Thursday, November 24, 2005

the dog will not leave the porch

*This post is copied from Pamela's blog. I liked it that much, because I can relate to what she is talking about.*

There's a point, on a bad day, where you make calls. You make a stab at making plans because you don't want to be alone. Enough time goes by, and that desire passes. You find yourself hoping no one calls back because the thought of having to open your mouth and make conversation becomes overwhelming. You don't want to hear one more person say, What's wrong? So then you isolate. And sink further into your own head --which is the one place no one wants to be. You find yourself watching the clock, wishing for the hours to pass so it can be late enough to justify going to bed. You find yourself dreading bedtime because you probably won't sleep. You dread sleeping just as much. Sleeping means waking up and having to do it all over again.

You understand, intellectually, that nothing is that bad. You understand that many people, people you know and love, are dealing with unspeakable pain. You feel selfish for the way you feel. You can't feel otherwise. The very idea that you might feel good anywhere in the future is nonsense. You make the mistake of letting your mother hear it in your voice. She calls you six times in a day. You want to stop answering. She will worry. And call more. So you answer, and try to make your voice sound otherwise. It's exhausting.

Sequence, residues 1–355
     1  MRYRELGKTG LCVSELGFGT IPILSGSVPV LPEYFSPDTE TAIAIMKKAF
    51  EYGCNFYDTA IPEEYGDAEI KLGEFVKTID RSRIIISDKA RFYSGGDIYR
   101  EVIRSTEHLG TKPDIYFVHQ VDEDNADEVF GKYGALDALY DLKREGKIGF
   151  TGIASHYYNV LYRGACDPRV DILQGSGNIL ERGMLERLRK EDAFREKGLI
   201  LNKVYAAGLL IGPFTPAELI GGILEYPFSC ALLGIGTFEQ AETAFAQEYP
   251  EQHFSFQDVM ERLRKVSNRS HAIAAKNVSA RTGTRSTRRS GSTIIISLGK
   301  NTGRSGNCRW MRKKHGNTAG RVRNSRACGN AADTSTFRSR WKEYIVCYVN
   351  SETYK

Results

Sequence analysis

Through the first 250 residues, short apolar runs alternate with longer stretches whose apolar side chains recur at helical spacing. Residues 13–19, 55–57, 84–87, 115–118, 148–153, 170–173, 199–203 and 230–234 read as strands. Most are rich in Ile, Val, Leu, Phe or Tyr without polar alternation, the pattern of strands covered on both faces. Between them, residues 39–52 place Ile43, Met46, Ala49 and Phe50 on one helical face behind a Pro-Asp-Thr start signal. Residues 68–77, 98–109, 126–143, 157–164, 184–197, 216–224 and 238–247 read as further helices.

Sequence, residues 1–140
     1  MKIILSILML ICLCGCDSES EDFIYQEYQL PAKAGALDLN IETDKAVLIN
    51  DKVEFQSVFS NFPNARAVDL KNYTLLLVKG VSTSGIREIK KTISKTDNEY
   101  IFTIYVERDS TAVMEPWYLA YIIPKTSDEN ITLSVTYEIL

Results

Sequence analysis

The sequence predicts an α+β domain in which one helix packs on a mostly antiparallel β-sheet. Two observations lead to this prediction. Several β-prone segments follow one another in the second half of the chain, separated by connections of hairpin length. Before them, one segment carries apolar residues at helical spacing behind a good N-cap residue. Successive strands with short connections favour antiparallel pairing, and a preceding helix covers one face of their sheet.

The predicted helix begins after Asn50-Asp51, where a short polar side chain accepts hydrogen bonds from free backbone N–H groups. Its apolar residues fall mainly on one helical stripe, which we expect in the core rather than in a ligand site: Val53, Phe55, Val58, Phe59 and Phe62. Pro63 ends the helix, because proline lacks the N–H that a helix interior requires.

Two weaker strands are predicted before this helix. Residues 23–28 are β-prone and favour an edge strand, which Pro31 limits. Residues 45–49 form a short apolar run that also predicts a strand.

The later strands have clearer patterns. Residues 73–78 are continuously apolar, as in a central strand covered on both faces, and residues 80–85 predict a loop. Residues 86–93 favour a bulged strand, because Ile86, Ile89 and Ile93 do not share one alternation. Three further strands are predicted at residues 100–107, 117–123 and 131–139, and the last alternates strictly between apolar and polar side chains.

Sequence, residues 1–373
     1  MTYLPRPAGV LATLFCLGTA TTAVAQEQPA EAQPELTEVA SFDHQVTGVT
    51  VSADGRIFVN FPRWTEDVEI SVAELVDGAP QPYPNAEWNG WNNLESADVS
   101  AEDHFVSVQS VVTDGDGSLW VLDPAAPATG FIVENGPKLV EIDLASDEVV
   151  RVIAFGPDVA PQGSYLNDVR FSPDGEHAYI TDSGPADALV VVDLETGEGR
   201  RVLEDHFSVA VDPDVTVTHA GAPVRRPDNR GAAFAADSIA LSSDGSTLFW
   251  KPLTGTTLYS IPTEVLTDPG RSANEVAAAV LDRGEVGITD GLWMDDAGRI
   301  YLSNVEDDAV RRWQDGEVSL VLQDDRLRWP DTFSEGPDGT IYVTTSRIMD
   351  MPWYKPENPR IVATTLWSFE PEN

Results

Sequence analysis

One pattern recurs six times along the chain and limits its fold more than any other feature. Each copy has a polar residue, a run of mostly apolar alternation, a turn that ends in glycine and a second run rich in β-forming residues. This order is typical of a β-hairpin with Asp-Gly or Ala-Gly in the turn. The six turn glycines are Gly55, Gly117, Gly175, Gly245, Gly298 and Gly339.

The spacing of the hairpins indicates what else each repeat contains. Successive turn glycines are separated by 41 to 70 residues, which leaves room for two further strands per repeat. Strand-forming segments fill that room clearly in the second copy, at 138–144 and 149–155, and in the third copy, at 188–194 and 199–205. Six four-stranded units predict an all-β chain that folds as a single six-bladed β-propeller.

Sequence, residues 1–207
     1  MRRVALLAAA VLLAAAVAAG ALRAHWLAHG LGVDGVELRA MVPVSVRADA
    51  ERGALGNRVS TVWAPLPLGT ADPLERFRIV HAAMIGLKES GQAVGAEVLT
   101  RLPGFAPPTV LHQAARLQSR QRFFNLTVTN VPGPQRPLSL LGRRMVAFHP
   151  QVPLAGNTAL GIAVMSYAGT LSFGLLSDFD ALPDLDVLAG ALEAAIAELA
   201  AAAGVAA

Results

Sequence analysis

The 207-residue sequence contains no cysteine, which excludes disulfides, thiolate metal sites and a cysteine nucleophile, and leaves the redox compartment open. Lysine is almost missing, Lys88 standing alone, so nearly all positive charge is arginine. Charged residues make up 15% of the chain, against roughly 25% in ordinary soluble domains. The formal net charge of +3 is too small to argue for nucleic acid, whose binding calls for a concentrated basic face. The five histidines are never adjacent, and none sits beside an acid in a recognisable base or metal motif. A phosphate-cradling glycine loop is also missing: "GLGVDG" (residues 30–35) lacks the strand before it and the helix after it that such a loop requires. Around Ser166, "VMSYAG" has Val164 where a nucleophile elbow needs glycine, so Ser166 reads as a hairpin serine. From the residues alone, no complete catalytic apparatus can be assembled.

I once heard Padgett Powell describe depression as the dog of loneliness. Others call it the beast. I call it a vicious, never-ending cycle.

So True.


Blogger pamela said...

thanks, sam. :)

8:11 PM  

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